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King diamond I am not in favor of making the law more restrictive, the way I'd always vote is for increasingly less restrictions and government regulations. In fact I think the right number of laws regarding cannabis is exactly 0, I just see the writing on the wall, and what I want is simply not gonna happen when all this money is up for grabs. I instead want us as a community to wage a limited battle on fronts we might actually win, as listed in cons: 

 

1) There is the potential for licensing laws to be abusive to the little guys, bought and paid for by big corporations only

2) The potential for inspection / product testing laws to be abusive, making it impossible for small businesses to stay in accordance with new laws.

3) A small potential for individual caregiver (the 5/72 system) to be elimated

 

Not letting people grow because of a past infraction of possessing marijuana is incredibly stupid and a perfect example of #1. They know a great deal of us have possession charges on record and this is another way to keep us out. Not dissimilar to the way voter ID laws are openly being used to keep the disenfranchised from the voting box. Law makers are unbelievably devious.

 

In fact the way the law is written now (not allowing anyone to grow who had a felony drug charge including one involving MJ) is abusive. But there are practical reasons for that part of our bill that are difficult to argue. However there is no reason to tighten up that section of the law any further.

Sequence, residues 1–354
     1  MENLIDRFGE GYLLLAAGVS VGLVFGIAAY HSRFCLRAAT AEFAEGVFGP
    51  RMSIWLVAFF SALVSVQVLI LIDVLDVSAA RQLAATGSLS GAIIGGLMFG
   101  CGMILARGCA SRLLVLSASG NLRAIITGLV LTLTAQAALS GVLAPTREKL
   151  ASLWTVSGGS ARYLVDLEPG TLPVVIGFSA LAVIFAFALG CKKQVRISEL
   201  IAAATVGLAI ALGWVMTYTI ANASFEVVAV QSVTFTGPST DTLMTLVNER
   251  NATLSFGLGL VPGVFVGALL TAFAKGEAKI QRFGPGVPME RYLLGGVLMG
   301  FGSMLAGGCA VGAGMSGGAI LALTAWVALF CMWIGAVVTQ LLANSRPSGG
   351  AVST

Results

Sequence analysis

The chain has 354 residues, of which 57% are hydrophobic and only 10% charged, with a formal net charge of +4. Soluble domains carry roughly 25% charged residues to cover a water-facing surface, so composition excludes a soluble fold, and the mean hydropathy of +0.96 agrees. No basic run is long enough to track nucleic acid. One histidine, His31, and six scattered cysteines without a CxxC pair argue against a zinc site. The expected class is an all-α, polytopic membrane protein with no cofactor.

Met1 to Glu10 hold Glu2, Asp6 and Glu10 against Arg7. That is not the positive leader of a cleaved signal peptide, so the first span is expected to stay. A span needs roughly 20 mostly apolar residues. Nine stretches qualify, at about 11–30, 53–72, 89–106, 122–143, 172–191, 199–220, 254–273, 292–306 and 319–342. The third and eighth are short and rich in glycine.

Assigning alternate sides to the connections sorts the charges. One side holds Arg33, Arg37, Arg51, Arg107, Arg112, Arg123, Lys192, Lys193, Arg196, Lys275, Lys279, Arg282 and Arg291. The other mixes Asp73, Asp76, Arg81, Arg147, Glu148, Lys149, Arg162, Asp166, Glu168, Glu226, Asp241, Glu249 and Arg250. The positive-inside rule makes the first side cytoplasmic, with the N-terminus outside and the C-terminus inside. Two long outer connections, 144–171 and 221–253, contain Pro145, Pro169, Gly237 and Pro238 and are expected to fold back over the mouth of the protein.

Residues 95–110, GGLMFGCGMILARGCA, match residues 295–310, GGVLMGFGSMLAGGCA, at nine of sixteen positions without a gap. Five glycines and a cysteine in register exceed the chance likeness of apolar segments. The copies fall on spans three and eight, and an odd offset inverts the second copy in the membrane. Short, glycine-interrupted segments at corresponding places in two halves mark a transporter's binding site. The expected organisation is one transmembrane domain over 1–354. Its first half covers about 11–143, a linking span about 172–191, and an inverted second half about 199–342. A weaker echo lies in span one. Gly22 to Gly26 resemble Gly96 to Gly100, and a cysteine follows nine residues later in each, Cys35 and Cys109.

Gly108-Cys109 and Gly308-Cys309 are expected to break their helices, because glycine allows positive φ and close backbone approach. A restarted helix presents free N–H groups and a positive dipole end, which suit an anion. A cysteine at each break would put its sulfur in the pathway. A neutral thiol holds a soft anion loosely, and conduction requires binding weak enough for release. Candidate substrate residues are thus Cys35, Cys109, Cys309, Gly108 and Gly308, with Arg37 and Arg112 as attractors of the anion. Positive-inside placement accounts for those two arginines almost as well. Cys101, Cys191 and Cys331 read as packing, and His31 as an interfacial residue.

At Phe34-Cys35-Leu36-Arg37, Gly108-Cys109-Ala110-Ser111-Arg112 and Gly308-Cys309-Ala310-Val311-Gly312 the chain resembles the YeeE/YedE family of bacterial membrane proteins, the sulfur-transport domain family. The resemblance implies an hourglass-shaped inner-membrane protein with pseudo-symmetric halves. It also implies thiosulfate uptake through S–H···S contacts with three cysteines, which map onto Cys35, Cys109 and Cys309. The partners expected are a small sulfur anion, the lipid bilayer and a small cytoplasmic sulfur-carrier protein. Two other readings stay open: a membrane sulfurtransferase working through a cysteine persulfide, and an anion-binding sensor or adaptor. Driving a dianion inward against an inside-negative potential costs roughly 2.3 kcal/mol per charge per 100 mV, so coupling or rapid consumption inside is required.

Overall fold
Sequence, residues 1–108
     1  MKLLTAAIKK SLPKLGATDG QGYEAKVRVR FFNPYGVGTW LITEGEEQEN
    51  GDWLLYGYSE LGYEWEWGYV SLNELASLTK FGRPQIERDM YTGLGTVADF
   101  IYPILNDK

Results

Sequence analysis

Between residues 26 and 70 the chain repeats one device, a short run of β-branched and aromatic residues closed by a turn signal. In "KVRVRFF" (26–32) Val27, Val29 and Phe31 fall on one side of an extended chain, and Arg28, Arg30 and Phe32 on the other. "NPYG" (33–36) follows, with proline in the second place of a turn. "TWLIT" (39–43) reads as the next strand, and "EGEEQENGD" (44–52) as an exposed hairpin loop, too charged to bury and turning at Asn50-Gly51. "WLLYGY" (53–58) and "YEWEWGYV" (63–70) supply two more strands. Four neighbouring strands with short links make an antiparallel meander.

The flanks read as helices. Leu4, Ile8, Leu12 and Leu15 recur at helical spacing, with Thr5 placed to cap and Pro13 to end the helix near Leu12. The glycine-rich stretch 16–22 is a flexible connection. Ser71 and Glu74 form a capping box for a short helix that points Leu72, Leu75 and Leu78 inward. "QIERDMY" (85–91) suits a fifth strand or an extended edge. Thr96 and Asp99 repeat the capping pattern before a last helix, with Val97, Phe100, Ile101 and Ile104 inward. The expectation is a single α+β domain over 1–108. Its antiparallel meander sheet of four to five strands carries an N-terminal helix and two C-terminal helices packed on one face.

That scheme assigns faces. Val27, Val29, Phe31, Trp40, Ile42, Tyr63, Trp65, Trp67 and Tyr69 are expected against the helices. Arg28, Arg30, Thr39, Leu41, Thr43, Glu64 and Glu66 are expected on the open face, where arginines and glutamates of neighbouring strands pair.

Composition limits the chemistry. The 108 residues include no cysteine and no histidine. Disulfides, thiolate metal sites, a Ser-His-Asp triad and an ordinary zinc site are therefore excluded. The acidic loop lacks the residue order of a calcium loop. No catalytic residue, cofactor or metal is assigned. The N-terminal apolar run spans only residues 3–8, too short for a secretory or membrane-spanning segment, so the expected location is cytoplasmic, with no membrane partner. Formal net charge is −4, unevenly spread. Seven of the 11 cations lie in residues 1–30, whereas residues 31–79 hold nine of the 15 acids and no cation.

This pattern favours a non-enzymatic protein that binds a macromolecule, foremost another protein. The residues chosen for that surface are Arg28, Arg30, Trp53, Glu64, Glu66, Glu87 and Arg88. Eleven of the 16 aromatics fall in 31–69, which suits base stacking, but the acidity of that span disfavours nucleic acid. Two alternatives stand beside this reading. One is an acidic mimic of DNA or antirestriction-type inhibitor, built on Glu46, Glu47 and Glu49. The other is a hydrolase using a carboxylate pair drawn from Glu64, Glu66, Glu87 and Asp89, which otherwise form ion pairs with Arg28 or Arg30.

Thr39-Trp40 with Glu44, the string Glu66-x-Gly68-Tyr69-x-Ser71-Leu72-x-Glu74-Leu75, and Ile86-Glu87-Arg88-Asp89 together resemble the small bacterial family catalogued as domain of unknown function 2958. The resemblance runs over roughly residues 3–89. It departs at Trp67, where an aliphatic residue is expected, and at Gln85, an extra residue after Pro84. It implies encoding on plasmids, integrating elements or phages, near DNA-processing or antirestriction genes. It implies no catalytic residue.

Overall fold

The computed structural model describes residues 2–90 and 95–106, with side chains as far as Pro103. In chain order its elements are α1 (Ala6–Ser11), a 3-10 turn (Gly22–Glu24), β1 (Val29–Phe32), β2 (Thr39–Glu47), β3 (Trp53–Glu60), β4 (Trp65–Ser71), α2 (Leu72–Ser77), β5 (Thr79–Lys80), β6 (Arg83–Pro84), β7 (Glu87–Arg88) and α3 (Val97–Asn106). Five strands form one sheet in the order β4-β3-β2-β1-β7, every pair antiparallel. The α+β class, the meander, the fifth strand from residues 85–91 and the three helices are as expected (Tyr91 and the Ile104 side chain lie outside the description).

Thank you for the quote, I'm not a lawyer and I do have some trouble seeing all the wrinkles in bills. 

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  • standardized medicine
  • pesticide free(hopefully?) medicine
  • full laboratory access
  • new tests, results, and health benefits
  • clinical trials
  • insurance coverage(?)
  • a safe place where patients can procure smaller amounts(grams, joints, caps) of medical cannabis, most often not feasible for a grower to deliver(?)
  • ingredients labeling
  • "moral" acceptance by the 62+ citizens, along with increased exposure, and accessibility for this group

believe me, there are negative results too, to growers, users, legalities, etc. but we of all people should view this from all angles.

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Is there a single positive element that could arise from the Prarie Plant System bill? anyone... anyone?

 

None

 

Has anyone heard from Cav.   I think those Prairy Plant Terrarists got him in one of those Caves and are trying to give the rest of us the Shaft.

 

Sounds like Under the Ditch weed

Edited by beourbud
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Is there a single positive element that could arise from the Prarie Plant System bill? anyone... anyone?

 

yes! all cannabis grown under 0660 will be irridated and FDA approved!

 

i know i cant get enough irridated foods! never been tested? who cares! irridation was approved by the FDA.

 

we all know the FDA never approved a bad practice or medicine!

nor has the FDA unapproved previously approved drugs.

nor have the pharmacuitical and farming companies lied to the fda and hid their own studies and reports in order to be approved.

nor has the FDA just recently relaxed the amount of FECES that can be in your food and still be deemed safe to eat.

 

the FDA has become corrupt. the corruption goes deep, very very deep. it needs to be fixed or we will die from eating ecoli and salmonella over and over again.

 

FDA approved poopburgers. yum.

 

yes, we still need the fda. its not a perfect organization, but the alternate can be found right now in china.